On Wednesday, during a Capitol Hill hearing featuring victims of gun violence, the father of one of the teens murdered in Parkland, Florida, called on lawmakers to acknowledge the threatening nature of the NRA’s recent video campaign.
Fred Guttenberg, whose 14-year-old daughter, Jaime, was murdered by a mass shooter at Marjory Stoneman Douglas High School Feb. 14, appealed to Democratic senators to acknowledge the threatening nature of the video’s content. While speaking, he was holding what appeared to be a printout of an article summarizing the most recent video released by NRA spokesperson Dana Loesch.
“If this was put out by a terrorist organization, we would be raising the terror threat level in this country,” Guttenberg said. “Why are we letting this lobby have anything to do with D.C.? I don’t understand it.”
The video in question, which the NRA released on March 4, features Loesch calling out “every lying member of the media ... every Hollywood phony [and the] role model athletes who use their free speech to alter and undermine what our flag represents.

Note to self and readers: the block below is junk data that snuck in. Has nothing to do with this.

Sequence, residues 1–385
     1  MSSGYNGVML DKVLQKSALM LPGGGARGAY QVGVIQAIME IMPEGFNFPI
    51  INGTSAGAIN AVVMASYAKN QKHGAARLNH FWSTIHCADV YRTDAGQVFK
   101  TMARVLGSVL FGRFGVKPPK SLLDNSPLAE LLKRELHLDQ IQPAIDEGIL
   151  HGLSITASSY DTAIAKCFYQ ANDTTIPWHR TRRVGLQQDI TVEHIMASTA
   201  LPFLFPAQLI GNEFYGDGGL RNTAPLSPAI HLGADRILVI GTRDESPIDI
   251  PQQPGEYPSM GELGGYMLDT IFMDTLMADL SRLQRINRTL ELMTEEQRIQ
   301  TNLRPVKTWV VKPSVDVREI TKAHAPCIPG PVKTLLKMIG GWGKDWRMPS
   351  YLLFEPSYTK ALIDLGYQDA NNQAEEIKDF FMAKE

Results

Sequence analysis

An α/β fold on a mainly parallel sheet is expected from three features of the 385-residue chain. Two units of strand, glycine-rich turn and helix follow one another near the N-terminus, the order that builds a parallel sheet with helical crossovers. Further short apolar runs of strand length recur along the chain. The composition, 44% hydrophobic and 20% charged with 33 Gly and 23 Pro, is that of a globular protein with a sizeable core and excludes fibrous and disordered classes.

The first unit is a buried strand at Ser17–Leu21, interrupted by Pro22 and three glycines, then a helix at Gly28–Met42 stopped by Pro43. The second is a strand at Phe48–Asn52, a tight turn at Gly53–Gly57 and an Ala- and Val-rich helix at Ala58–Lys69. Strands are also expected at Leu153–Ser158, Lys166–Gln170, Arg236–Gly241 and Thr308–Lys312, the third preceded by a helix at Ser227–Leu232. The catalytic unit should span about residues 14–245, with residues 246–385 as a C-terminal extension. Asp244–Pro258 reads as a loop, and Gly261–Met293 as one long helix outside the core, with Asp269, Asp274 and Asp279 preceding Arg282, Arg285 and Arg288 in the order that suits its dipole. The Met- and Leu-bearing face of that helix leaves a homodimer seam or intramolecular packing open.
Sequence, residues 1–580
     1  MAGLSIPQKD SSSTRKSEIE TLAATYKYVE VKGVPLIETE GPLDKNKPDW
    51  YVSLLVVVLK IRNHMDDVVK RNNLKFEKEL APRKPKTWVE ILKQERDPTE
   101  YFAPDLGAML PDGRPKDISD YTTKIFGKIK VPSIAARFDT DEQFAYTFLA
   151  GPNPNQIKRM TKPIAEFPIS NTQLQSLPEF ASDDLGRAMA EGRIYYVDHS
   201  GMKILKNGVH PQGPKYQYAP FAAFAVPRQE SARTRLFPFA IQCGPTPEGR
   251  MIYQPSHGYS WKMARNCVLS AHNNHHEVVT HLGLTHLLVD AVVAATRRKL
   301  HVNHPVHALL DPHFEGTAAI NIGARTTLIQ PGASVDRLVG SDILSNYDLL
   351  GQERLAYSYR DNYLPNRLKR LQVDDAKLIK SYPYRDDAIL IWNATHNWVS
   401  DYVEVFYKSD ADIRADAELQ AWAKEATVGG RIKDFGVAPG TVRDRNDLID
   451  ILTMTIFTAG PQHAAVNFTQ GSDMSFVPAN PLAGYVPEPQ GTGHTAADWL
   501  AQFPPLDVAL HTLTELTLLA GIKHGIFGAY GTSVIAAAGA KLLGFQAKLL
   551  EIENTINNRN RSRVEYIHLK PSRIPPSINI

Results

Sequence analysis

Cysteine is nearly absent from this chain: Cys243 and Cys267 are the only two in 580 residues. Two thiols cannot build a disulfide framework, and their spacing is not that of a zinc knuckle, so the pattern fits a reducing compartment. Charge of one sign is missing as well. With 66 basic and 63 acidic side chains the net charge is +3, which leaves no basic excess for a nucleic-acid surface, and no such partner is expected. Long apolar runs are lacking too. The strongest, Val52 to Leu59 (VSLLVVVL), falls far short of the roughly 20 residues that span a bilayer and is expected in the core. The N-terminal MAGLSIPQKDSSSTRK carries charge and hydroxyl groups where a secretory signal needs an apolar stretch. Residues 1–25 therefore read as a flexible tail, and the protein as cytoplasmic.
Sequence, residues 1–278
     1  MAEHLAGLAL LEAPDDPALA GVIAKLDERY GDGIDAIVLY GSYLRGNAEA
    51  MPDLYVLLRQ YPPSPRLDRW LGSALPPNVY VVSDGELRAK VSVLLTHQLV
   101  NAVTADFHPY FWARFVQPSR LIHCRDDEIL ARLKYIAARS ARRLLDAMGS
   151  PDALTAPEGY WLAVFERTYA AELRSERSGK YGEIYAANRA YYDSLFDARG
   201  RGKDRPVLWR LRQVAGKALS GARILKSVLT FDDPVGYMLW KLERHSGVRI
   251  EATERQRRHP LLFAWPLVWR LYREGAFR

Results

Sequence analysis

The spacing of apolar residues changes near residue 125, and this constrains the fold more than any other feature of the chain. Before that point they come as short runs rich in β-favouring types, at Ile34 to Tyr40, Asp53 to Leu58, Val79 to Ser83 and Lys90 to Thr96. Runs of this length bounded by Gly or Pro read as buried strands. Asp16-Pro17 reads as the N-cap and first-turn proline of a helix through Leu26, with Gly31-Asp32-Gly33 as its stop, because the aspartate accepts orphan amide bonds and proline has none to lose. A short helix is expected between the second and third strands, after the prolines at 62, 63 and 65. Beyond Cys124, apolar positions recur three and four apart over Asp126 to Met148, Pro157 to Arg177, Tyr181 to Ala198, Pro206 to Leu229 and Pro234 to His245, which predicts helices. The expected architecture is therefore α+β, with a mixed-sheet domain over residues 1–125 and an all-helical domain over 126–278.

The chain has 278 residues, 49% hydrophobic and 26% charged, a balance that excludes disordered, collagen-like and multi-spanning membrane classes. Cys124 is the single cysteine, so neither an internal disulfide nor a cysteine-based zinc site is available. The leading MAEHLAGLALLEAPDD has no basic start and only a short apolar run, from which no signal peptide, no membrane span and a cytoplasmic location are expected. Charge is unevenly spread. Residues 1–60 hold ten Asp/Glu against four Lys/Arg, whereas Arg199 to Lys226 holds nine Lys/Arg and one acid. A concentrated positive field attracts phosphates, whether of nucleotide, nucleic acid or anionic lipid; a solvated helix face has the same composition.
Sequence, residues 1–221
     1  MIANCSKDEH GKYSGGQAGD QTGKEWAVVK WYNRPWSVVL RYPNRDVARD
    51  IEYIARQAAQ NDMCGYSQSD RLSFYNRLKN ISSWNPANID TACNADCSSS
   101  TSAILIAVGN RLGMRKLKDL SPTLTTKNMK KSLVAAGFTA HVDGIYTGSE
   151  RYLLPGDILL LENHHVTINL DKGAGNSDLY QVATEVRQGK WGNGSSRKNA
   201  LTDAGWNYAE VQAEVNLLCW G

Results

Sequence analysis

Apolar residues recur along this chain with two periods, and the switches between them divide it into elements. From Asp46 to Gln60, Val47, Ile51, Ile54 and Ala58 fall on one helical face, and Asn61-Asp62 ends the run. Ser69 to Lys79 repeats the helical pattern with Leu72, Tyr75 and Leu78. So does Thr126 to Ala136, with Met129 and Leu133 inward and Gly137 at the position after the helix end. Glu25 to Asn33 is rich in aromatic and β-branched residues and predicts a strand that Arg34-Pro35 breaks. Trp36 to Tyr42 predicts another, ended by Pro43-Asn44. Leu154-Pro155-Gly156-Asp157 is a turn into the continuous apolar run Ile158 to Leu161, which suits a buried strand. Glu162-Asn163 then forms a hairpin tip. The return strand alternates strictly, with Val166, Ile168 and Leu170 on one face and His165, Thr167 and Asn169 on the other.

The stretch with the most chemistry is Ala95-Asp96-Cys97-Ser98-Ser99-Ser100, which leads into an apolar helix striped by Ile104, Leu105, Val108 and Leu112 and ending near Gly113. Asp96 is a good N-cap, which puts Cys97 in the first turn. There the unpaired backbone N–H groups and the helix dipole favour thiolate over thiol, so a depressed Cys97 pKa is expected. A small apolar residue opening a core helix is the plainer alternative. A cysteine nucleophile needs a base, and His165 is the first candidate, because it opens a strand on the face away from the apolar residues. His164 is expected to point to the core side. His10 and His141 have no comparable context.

“We’ve had enough of the lies, the sanctimony, the arrogance, the hatred, the pettiness, the fake news,” Loesch says in the video, flipping an hourglass over. “Your time is running out. The clock starts now.”
Guttenberg and other Parkland parents and survivors were invited to attend the Wednesday meeting by Senate Democrats, who have made their intention to stand with the victims of gun violence clear amid the feverish debate on weapon ownership in America.
“I understand you had a lot of colleagues who didn’t want to be here today,” Guttenberg said, referring to Senate Republicans, who did not attend the meeting. “We should take the pressure from outside and bring it in.”
Later on Wednesday, the Florida House of Representatives voted 67-50 to pass the school safety bill penned in response to the Parkland massacre. Among the legislation’s provisions are a measure that would see some teachers and school administrators armed, and a provision to raise the legal age required to buy a gun from 18 to 21.